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Ex p way of protection

Tuesday, 1 February 2011 PDF icon Ex p way of protection
As consequence of last month's newsletter, we received some requests regarding the Ex p type of protection and we are happy to satisfy our readers expectations. The internal overpressure protection mode is based on the concept of segregation. Basically, it prevents the penetration of the explosive atmosphere in enclosures containing sparkling equipment through the injection of clean air, which creates an excess an overpressure, preventing gas from coming into contact with the trigger factor.

Main protection methods

Saturday, 1 January 2011 PDF icon Main protection methods
We begin this new year analyzing some of the main ways of protection used in systems installed in areas with potentially explosive atmosphere for the presence of gas. Relating with the three main protection techniques (containment, prevention and segregation), exist many others ways to apply the basic principle of the method. Each method is specific to certain applications and impossible to apply to others. Over the time, unspecific techniques have been attempts to adopt to certain applications, leading to disastrous consequences and, often, major damage. In recent years, standards have been heavily modified, and, even if existing, have been amended to be harmonized with international standards IECEx.

International Standard Ex n

Wednesday, 1 December 2010 PDF icon International Standard Ex n
In Zone 2 the probability of presence of explosive atmosphere is between 30″ and one hour during a year, and the risk level is very low. Between 70% and 80% of the hazardous areas inside a plant can be classified as Zone 2, and it is essential that the designer duly knows the protection type of the electrical equipment installable in such areas. The use of oversized equipment, in fact, could involve a huge waste of money and no advantages in terms of safety. This method of protection has been developed in the United Kingdom many years ago to be used in safety condition in Zone 2 reducing the costs of traditional equipment in Ex “d” or Ex “e” protection. Ex “n” protection method is applied to the equipment having the features described on the International standard IEC 60079-15:2010.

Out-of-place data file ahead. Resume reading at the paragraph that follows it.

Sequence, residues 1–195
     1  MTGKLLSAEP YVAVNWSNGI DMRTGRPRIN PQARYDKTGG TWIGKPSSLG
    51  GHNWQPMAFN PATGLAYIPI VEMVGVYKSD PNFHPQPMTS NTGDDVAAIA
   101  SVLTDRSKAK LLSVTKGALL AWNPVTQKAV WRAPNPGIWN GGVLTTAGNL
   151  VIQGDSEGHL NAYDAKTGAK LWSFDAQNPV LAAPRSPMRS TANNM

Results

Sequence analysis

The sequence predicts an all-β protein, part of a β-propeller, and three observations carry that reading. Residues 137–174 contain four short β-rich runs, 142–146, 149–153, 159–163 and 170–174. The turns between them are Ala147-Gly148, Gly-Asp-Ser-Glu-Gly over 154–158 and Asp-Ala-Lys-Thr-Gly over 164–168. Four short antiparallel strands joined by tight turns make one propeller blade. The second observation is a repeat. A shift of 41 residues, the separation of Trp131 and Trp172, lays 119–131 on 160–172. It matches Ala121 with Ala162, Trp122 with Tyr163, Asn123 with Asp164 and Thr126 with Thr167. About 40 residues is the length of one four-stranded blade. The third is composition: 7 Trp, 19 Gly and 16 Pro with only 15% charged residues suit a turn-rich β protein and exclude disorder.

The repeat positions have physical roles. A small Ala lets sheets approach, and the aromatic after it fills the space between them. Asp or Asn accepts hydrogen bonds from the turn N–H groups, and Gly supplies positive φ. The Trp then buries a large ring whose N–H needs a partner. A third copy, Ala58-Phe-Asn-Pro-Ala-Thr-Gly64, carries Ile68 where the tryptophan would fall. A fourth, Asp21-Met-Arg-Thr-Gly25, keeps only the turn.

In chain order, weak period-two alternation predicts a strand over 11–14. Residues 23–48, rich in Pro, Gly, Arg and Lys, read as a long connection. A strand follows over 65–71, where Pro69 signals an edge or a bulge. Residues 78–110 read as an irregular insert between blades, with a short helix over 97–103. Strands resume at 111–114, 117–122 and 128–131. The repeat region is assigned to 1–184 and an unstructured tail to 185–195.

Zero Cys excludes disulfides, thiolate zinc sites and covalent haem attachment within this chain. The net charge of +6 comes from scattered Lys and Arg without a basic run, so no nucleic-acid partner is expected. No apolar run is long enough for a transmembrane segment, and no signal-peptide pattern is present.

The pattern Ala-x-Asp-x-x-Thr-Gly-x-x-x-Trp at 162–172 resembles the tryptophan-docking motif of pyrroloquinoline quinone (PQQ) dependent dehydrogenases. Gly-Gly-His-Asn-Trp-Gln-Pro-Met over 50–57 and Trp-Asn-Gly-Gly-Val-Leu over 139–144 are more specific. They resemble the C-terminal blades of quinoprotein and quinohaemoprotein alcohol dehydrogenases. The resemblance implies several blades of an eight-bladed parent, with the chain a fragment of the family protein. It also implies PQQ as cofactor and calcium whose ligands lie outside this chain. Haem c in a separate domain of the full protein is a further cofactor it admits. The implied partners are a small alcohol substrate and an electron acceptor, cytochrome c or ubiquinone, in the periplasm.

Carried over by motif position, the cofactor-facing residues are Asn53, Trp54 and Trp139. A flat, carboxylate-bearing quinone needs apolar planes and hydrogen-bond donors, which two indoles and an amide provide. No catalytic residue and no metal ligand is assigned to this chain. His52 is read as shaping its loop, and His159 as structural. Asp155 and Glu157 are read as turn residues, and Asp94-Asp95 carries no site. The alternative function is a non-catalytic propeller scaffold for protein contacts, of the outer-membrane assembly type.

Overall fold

Installations in hazardous areas for the presence of combustible dust

Monday, 1 November 2010 PDF icon Installations in hazardous areas for the presence of combustible dust
In the last two newsletters, we analyzed the risks arising from the presence of combustible dust and, subsequently, we considered the method of classification of hazardous areas. In this newsletter, we will describe what types of protection can be used and how the installations are performed. In order to design an electrical system respecting the principles of safety against explosion in hazardous areas for the presence of combustible dust, the new EN 60079-14-2 standard is the reference. This standard is part of the whole new standard group resulting directly from IEC requirements which replaced the EN 50281 series standards.

Classification of areas with presence of dusts

Friday, 1 October 2010 PDF icon Classification of areas with presence of dusts
In the last newsletter, we have analyzed the danger of explosion due to the presence of combustible dust. In this newsletter, we will take a look to the classification of hazardous areas due to the presence of combustible dust, according to the provisions of the new rules which, as we shall see, come directly from the IEC international standards acquired by CENELEC and by the national regulation. The danger of explosion, as we saw in previous newsletters, can occur not only in places where gas, vapors or mists are present and where are normally used electrical installations that follow European regulations in force for over thirty years. It can occur also in plants where dust are machined during the normal operation and that might create a dangerous atmosphere, which could cause an explosion.

September, vintage time

Wednesday, 1 September 2010 PDF icon September, vintage time